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18 Creative Garnishes For Your Gin & Tonic

creative gin and tonic garnishes
creative gin and tonic garnishes - Static Media / Shutterstock / Getty

While their visual appeal is obvious, there is an actual reason cocktails are served with a garnish and even simple mixed drinks like the humble gin and tonic benefit from a little panache. Edible garnishes can contribute to flavor or texture, while aromatic garnishes add complexity by telling the olfactory side of the story. Some garnishes contrast the gin or tonic water, while others strike a beautiful harmony of complementary characteristics.

It's time to take a fresh look at this playful element and find some truly creative garnishes for your gin and tonic beyond the tired old lemon wheel or rosemary sprig. In my time working in gin sales and marketing, as well as years in retail and hospitality, I got to learn the tricks of the trade and get an in-depth understanding of the magic of the gin and tonic. With that experience in mind, the most creative garnishes I've seen or tried are ones that take a simple G&T to the next level. You may even find some promising combinations among these, but remember, less is more when it comes to garnishing drinks.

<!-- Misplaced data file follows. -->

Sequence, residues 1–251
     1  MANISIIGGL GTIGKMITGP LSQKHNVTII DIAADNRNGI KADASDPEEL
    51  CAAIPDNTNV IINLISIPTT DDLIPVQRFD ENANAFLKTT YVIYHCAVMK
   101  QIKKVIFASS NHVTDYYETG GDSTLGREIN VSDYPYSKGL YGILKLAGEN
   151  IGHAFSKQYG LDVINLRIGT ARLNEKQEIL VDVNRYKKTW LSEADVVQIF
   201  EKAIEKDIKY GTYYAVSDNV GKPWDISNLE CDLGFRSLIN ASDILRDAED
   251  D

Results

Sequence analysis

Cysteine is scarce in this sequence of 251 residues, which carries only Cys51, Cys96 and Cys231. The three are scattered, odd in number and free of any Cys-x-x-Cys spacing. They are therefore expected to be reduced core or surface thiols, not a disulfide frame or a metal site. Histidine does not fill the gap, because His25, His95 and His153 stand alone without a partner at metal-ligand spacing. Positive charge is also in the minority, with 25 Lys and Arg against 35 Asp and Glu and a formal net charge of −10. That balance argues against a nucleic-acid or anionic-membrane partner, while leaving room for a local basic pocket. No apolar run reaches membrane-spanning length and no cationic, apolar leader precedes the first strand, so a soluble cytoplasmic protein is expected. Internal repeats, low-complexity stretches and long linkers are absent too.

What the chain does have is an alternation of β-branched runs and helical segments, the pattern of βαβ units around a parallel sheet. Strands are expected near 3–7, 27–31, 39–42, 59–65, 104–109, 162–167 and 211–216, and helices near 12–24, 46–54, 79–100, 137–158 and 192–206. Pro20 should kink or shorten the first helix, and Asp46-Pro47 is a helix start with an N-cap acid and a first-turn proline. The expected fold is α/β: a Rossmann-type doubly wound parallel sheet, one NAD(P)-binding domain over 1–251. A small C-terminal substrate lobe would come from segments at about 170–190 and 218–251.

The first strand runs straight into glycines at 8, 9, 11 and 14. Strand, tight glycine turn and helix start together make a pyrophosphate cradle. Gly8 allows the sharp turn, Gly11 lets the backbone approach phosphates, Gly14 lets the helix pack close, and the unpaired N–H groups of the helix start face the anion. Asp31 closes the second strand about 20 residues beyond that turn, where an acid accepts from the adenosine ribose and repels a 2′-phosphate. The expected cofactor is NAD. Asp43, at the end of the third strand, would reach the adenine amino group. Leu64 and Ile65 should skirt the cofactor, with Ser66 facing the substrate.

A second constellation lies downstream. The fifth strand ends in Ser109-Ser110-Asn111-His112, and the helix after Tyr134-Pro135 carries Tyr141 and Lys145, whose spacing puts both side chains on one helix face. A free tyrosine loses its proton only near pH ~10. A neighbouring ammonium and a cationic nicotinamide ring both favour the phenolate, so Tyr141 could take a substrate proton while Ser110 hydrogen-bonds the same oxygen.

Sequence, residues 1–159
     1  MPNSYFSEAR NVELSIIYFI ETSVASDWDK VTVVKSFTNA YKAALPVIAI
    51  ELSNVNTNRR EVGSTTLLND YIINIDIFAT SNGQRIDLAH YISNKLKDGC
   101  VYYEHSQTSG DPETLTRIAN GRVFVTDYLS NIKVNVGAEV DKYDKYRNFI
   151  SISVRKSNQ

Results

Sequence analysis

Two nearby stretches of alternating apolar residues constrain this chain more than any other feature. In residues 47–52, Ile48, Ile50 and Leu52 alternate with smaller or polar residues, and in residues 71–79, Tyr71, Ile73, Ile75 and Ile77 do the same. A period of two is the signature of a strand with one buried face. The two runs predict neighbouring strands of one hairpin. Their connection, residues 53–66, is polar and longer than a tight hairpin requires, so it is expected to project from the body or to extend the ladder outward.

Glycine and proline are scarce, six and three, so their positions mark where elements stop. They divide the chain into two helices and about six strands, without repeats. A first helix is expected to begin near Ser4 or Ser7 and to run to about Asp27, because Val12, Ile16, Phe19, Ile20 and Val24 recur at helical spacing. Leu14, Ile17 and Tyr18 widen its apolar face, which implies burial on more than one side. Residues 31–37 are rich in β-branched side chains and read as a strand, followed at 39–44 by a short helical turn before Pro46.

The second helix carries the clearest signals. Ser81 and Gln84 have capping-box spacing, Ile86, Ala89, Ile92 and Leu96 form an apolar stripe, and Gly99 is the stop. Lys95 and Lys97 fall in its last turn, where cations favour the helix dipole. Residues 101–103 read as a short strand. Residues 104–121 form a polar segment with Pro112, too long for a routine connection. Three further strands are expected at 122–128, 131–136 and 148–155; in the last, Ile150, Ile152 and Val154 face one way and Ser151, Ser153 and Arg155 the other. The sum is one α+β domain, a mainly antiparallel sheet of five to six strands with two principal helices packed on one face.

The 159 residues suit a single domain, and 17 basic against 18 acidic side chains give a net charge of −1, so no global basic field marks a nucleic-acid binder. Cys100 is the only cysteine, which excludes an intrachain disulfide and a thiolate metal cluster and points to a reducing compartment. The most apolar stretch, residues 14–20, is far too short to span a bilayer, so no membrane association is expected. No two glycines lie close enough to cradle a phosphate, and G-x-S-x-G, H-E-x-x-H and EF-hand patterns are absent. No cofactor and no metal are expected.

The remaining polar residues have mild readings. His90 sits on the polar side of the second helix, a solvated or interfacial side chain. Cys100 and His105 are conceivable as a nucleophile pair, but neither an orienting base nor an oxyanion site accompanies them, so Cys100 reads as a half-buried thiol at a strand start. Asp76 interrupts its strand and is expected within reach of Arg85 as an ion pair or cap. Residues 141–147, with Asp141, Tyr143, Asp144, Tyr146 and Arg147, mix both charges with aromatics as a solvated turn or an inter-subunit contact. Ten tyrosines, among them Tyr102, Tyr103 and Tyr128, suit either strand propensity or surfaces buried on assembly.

Read more: 23 Cocktails To Try If You Like Drinking Gin

Caprese Skewer

caprese skewer ingredients
caprese skewer ingredients - Prostock-studio/Shutterstock

In the world of garnishes, it can be easy to get a little bit carried away. Sometimes, however, that's not such a bad thing if you do it with a touch of flair. A caprese skewer is simple, eye-catching, delicious, and molto Italiano.

This garnish gets its inspiration from the Caprese salad comprising tomato, fresh basil, and mozzarella. Lined up on a toothpick or short skewer, these ingredients look bellissimo atop a frosty gin and tonic. For the mozzarella, you can use tiny bocconcini balls as well as cherry tomatoes, along with one or two leaves of fresh basil.

This is best suited for drier gins, such as those of the London dry persuasion or those that predominantly feature herbaceous, savory botanicals. It would make a dashing Spanish-style "gintonic," which often features all kinds of whacky garnishes and good-quality tonic. Let the mozzarella drip off some moisture before topping your tonic to avoid having brining liquid in your cocktail, and choose a glass with a narrow opening so the garnish does not soak in the spirits.

Nasturtium Flowers Or Leaves

nasturtium flower garnish on drink
nasturtium flower garnish on drink - Caterina Trimarchi/Shutterstock

A common colorful touch in fine dining, nasturtiums can also add depth of flavor and aroma to a gin and tonic. Both its lilypad-shaped leaves and whole flowers are edible and have an intriguingly hot, peppery, and herbaceous flavor. The taste of nasturtium can best be compared to the kick of a radish. Nasturtium flowers typically come in bright hues of red, orange, and yellow.